here also, but it is a regret in the light of historical develop-
ment. The original "Norrana-language" was preserved among
the " republican and historically-minded Icelanders of Iceland,"
while Christian sentiment destroyed almost all traces of heathen-
ism in Sweden. 2 The old letters disappeared probably before
the language, yet the sound of "Gothic drapa" (drapa, a song
of praise for a king) did not cease to vibrate in Sweden until
after the middle of the fourteenth century, when Birger Jarl
and his son, Magnus Ladulas, reigned, and when their court-
skald Sturle Thordarson lived. 3 But from now on the old lan-
guage was not understood. Swedish had become isolated and
independent, no more skalds appeared in Sweden, and Ice-
landers stayed away for the very reason that they could not be
well understood. The Ynglinga-dynasty died out in Norway
in 1319, and then after the passing of the Norrana-Skald the
knowledge of the Old Norse sagas in Sweden became hazy.
The Danes had Saxo, who wrote an invaluable historical work
in Latin, which, in spite of its faults, is as accurate as we can
expect from a Catholic clergyman. 4 But the Swedes had no
Saxo to collect material where such was to be had, and so it
was not until the middle of the seventeenth century that they
knew anything about their ancestors' life and art, except that
they were "blind heathens and worshipped three idols, whose
names were Thor, Odin, and Frigga." 5 Then Atterbom criti-
cizes previous historians ; Lagerbring was really the " father

1 Printed also in Atterbom: " Litterara karakteristiker," Orebro, 1870,
pp. 115-135- References will be made to this edition, which is more

2 Cf. ibid., p. 115.

3 Ibid., p. 1 1 6.

4 Ibid., p. 1 1 8.

5 Ibid., p. 119.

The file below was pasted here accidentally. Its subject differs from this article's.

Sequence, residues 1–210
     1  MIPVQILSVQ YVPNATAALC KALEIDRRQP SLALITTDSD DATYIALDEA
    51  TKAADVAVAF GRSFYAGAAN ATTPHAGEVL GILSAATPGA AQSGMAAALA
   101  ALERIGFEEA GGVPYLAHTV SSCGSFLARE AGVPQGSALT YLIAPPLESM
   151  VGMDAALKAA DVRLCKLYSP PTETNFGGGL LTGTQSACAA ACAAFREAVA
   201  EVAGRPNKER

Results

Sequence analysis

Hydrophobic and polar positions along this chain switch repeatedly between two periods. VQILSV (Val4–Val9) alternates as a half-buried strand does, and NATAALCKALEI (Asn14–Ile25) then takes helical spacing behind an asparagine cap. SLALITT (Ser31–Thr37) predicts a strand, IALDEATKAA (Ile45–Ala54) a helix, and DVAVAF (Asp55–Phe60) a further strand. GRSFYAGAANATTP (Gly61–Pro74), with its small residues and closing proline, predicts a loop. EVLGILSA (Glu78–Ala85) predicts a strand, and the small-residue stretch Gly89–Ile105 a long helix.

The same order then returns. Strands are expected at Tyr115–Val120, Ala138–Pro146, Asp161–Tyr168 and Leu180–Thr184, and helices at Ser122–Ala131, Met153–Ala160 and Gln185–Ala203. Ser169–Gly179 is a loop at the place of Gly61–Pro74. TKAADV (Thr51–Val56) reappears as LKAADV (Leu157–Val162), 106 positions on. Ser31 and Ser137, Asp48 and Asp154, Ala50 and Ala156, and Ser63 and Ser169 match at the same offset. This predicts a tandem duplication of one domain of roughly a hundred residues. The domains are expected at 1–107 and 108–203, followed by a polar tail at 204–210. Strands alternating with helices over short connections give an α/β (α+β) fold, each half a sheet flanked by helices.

of Swedish history," but had no sense for mythology and
poetry; Von Dalin was superficial, misunderstood these, and
soon led others astray, so that antiquarian and fantastic pedant
became synonymous terms. 1 In this same preface Atterbom
pays tribute to the work of Verelius and Rudbeck the Elder,
of the seventeenth century, showing that he had already com-
menced the foundation for his later exhaustive characterization
of these men. 2

But Atterbom is still a typical Fosforist and after seven pages
of history there follows an introductory eulogy 3 of the au-
thoress of " Gefion " and her art, in a language which in spirit
reminds one strongly of the Prolog in Fosforos. It is a mix-
ture of Fosforism and Gothism. There is talk of the " heav-
enly ability of poetry " and the idea is set forth that the sanc-
tum sanctorum of man, the "pure feeling of the eternal, is
expressed in the genius of music." Therefore, why should not
daughters of these [ancestral] heroines follow the example of
their mothers when " maternal sound of harps has returned to
their mountainous region" (fjellbygd). We must cope with
Germany and Denmark unless we wish to feel ashamed of our-
selves. Iduna (the goddess of eternal youth; wife of Brage,
god of poetry) had returned to Sweden, "the golden shimmer
of her rejuvenating apples has begun already to beautify the
new dawn of Sweden's internal independence." 4 The spirits
of the Norrana-song descend into their former sacrificial
groves, "and so it ought not to astonish (us) if the women of
the North share the flame which Urda 5 has lit in the hearts of
Northmen. They have not forgotten that their mother Freya
was generated by the element of yearning 6 or that her relatives,
the maidens of the sea, praised the blissful secrets of the wave
with string-instrument and song." Then after mention of
Brynhilda, Aslaug, and Gudruna, he finally gets to the criticism.

1 Ibid., p. 121.

2 Cf. pp. 19-20 of Introduction.

3 Ibid., pp. 1 2 1-2.

4 Ibid., p. 121.

6 Urda generally conceived as the Norn of the Past. But see Sunden :
Oversikt av nordiska mytologien, p. 22.

6 See above in characterization of notes to " Skaldarmal," p. 35.


In true scientific style Atterbom gives first the complete
original of the Gefion Saga, 1 and gives it correctly. He makes
now a sharp distinction between pure mythology and saga, and
pronounces " Gefion " more allegorical than historical. He
calls attention to the mistake of confusing Allfather with Odin.
Odin was the son and instrument of Allfather and was limited
in time and space. He was the product of Fjolner (the con-
cealed) and Fimbultyr (the incomprehensible divinity) . 2 Much,
again, is made of the myth of Freya; she is the allegory of
Northern love, and then the Romantic idea is set forth that
poets are chosen as interpreters of " inner models of love." 3
The tone of the whole review is extremely flattering; Atter-
bom lauds the fervor of the authoress for arousing interest in
the Asa-myths in Sweden, and praises the first song of
" Gefion " as a complete masterpiece, consisting of scenes and
groups which together " form the most beautiful picture that